Contributed by Cassandra Lee
This session centred on the recent trend of Malaysian companies seeking to be listed in stock exchanges outside Malaysia and foreign companies seeking to be listed in Malaysia’s stock exchange. Cynthia Toh (a partner at Wong Beh & Toh) moderated the session and the three speakers were Selvarany Rasiah (Chief Regulatory Officer, Bursa Malaysia Berhad), Lai Voon Keat (Stephenson Harwood, Hong Kong) and Jeff Leong Pak Lim (Senior Partner of Jeff Leong, Poon & Wong).
Selvarany Rasiah was the first speaker and gave the audience Bursa Malaysia’s perspective of how attractive it is to be listed in the Malaysian stock exchange. She spoke of how the listing requirements set by Bursa Malaysia differs with the other Asian regions. Selvarany pointed out that Bursa Malaysia maintains an integrated exchange with a strong Islamic exchange. She proudly told the audience that Malaysia has been ranked 2nd among other stock exchanges for financial information disclosure by the World Economic Forum. Apart from this, Malaysia is also currently ranked 5th for commercial access to capital and 6th for financial stability by the World Economic Forum. According to Selvarany, Malaysia is also the first if not only non-developed market to be given the QDII by China. Therefore, she stressed Malaysia is an attractive option for foreign listings. She added that Bursa Malaysia prides itself as being a very transparent market.
Selvarany pointed out that given the recent global economic crisis, capital raisings on Bursa Malaysia has ironically increased. Just this year, Bursa Malaysia has been ranked 3rd among the markets in the East Asian region in terms of fund raisings in the region. She concluded that Bursa Malaysia’s framework is without a doubt comparable to the frameworks of leading exchanges in the East Asian region.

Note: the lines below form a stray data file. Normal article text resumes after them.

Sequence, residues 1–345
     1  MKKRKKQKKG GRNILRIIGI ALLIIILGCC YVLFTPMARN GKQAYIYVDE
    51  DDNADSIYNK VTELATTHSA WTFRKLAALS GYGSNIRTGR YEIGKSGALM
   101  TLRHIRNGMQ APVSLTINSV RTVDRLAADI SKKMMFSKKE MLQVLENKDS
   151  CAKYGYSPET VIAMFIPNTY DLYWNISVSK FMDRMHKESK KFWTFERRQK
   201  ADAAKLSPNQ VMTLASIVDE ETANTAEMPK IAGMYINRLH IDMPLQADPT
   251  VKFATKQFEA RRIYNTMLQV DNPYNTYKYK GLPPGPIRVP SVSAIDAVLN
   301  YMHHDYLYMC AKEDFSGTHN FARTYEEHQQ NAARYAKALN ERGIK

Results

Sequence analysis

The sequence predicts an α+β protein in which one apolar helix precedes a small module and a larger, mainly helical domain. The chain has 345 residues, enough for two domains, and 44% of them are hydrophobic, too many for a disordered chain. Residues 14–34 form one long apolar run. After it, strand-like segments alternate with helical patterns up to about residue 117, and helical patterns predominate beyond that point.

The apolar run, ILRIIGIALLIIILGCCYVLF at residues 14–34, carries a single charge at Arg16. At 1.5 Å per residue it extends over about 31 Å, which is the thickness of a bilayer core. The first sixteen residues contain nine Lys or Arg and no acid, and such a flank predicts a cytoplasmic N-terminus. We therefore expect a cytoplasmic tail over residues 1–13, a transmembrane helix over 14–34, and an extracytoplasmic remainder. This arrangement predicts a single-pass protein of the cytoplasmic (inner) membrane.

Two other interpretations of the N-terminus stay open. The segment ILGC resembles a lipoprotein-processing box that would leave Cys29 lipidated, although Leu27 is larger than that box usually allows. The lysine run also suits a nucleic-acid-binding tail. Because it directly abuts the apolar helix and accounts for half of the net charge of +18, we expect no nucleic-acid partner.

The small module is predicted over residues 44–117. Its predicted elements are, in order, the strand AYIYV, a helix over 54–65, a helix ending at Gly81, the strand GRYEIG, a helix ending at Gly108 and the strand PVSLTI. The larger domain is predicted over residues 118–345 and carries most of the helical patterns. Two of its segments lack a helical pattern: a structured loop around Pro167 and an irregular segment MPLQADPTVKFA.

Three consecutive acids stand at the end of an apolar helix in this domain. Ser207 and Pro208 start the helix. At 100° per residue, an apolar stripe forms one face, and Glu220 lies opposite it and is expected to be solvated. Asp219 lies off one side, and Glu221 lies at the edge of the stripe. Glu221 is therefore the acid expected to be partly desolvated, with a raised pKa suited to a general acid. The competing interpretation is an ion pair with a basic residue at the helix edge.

Toh said that from her personal experiences, Bursa Malaysia had been very helpful in helping foreign companies with listing issues.
Lai made an engaging argument on why it was attractive for companies, whether foreign or Malaysian, to consider being listed in stock exchanges outside Malaysia. He opined that Malaysia remained a small market when compared to markets in Hong Kong and Taiwan. Bigger companies which are not tied to a specific investor base may wish to choose to be listed in a bigger market. Other factors, according to Lai, include the perceived valuation gap in other stock exchanges, access to a deeper pool of investors and sectorial advantage.
However, Lai said that there are possible disadvantages in listing in stock exchanges outside Malaysia. Some of these disadvantages are the language and cultural barriers, costs (initial and continuing), management overheads and legal and accounting barriers.
Toh opined from what Lai said earlier that this meant that it is increasingly difficult to list a company, and (naturally) pointed out the need for a company to always consult its legal advisers on these matters.
Leong, the final speaker for the session, spoke on the key strategic considerations on deciding where to list a company. In his view, these were market valuation and price-equity multiples, political impediments and regulatory impediments (csuch as in ountry incorporation and diverse accounting rules). He also highlighted the practical issues and difficulties which may arise in a listing exercise. He spoke about due diligence and enforcement issues relating to listing. He cited examples of difficulties faced while conducting due diligence especially on Chinese companies, and cautioned great care in listing in China.
Overall, the session provided one with an overview of the key areas one should be aware of when deciding to list abroad.